Money Shame: Our Money Problems – TED

Let’s Get Honest About Our Money Problems

Before we start with the money shaming, let’s take a look at a devastating statistic. Since 1999, the suicide rate among 40- to 64-year-olds in the United States has increased by almost 40%. Personal finance problems, such as unemployment, bankruptcy or mortgage foreclosures, played a role in some 40% of the deaths.

When financial coach Tammy Lally lost her brother to suicide, she began to explore her own complicity in the money shaming that contributed to his death. Lally’s own money shame eventually prompted her to unveil the uncomfortable cultural truths regarding financial problems and the cycle of emotional harm they produce.


“Our self-destructive and self-defeating financial behaviours are not driven by our rational, logical minds. Instead, they are a product of our subconscious belief systems rooted in our childhoods and so deeply ingrained in us [that] they shape the way we deal with money our entire adult lives.” 

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Despite their best efforts to rein in their spending, many people with financial problems conclude that they are merely lazy or careless with money. In fact, familial patterns of money shame ingrained from childhood create subconscious beliefs that dictate adult relationships and interactions with money. Individuals’ financial upbringing subverts their conscious understanding of appropriate financial behaviours, positioning them in the middle of a “money-shame cycle.”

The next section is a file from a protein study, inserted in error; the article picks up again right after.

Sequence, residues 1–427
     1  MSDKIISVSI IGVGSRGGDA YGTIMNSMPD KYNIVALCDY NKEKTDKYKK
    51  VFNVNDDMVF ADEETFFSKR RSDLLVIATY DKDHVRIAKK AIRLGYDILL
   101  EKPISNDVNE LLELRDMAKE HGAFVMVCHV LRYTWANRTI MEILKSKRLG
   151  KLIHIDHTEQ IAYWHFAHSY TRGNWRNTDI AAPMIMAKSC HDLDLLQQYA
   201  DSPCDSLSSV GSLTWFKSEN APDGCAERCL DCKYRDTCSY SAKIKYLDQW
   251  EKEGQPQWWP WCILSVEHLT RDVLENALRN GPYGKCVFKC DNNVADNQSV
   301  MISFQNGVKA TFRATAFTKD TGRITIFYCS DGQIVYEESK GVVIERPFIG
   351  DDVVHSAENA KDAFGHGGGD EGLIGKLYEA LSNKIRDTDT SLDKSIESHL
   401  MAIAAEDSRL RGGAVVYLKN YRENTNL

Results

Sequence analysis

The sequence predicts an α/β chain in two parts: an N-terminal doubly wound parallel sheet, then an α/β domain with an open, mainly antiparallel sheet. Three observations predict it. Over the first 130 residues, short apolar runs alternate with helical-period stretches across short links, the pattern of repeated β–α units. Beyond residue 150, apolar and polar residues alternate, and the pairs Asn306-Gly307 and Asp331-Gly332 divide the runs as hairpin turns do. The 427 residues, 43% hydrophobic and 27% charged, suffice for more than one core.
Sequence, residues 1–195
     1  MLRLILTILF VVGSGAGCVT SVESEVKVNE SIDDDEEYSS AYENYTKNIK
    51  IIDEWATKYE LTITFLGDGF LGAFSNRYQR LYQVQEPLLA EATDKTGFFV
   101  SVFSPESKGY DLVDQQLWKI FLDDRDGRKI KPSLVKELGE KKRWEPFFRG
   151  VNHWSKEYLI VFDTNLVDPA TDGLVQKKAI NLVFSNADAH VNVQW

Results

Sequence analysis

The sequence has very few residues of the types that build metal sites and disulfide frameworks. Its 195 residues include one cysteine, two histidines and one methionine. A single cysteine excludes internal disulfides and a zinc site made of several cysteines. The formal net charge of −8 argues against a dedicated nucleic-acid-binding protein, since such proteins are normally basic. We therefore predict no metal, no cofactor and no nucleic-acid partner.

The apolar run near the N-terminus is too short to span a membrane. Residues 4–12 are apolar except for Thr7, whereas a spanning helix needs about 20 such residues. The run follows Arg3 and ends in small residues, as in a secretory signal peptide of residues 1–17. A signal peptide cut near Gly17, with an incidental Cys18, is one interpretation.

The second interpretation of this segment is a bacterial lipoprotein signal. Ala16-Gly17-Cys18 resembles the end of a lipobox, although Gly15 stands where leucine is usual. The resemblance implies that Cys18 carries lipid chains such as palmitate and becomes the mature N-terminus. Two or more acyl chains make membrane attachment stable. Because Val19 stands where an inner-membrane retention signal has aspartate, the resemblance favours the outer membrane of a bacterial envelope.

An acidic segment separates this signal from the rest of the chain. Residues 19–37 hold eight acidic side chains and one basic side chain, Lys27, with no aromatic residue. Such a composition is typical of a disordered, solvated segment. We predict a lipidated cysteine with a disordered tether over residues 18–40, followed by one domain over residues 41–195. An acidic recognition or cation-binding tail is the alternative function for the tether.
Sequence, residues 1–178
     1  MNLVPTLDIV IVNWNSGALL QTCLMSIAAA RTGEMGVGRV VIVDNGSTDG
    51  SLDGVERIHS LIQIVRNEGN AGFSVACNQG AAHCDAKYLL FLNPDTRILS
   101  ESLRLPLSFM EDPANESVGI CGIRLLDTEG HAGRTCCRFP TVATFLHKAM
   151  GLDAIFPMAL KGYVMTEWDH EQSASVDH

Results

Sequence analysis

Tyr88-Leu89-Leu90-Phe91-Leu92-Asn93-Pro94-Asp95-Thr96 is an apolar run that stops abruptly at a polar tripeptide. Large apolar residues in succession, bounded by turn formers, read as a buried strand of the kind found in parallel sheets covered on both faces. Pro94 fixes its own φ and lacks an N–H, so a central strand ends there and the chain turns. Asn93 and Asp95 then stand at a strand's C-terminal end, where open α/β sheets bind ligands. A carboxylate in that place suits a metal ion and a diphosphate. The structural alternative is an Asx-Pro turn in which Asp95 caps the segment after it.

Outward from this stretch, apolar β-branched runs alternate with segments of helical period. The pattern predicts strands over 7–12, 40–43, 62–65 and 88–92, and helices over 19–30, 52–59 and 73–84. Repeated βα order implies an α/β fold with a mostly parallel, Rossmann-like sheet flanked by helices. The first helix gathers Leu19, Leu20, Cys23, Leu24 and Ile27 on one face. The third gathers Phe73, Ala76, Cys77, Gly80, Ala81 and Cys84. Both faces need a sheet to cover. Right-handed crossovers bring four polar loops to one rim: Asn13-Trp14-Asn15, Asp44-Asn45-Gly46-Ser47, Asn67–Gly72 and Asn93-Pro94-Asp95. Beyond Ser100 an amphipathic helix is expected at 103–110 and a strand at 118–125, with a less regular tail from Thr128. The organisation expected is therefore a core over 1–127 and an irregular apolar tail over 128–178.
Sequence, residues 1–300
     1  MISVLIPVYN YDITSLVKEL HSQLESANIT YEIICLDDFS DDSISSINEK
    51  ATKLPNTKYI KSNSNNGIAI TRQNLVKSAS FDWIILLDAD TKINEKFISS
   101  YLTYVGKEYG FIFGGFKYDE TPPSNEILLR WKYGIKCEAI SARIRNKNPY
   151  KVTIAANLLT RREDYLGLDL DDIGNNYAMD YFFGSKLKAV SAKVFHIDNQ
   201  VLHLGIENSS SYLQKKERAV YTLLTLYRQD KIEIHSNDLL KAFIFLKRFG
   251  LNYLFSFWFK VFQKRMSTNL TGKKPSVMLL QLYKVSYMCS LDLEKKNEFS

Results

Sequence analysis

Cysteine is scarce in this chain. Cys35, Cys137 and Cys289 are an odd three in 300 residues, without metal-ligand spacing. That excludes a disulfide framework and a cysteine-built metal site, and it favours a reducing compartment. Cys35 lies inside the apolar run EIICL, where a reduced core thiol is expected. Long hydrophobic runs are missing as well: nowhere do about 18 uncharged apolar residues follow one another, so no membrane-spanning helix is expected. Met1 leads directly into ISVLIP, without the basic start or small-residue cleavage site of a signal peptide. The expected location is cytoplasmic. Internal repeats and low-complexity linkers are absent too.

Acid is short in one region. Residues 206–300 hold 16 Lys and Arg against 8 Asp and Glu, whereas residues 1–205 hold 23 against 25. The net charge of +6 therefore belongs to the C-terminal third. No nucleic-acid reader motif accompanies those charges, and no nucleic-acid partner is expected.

Money shame is the intensely painful feeling or experience of believing that we are flawed and therefore unworthy of love and belonging. But these feeling were based on our bank account balances, our debts, our homes, our cars and our job titles. When individuals allow their bank balances to define their self-worth, no amount is ever good enough, so money itself doesn’t eliminate money shame.


Symptoms of money shame

Victims of money shame always appear to be flush with cash. They always pick up the check, but they live beyond their means and are stuck on the hedonic treadmill of chronic not-enoughness. Many sufferers try to numb their money shame through shopping, overeating or substance abuse.

“Debt is the tangible manifestation of not forgiving. If you have debt, you’ve not completely forgiven your past, so it’s our work to forgive ourselves and others so that we can live freely.”

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Society needs to break the taboo surrounding money shame and start talking about this infliction. To conquer money shame, surrender yourself to the pain of your money story, finding faith in a better financial future, and forgiving yourself and others. By letting go, you can begin to recover from debt – the “tangible manifestation of not forgiving” your past.


Recovery takes work. Analyze what you spend your money on and why. This exercise will help you uncover what you truly value. Scrutinize your “money autobiography” and trace your current financial behaviours back to their root causes in your history. Recall your earliest memories of money. What did you do with it? How did others treat you during those interactions? What was your parents’ attitude toward money, and how did that affect your attitude? Then let go of your past, and break free from your own money-shame cycle.

Get started on your personal finance journey by reading the following book’s summary and reading notes:


Author: Muhamad Aarif

A notorious book addict by night and an oil and gas executive by day. As Mark Twain said, "The man who doesn't read good books has no advantage over the man who can't read them." So, read, read, and read some more.

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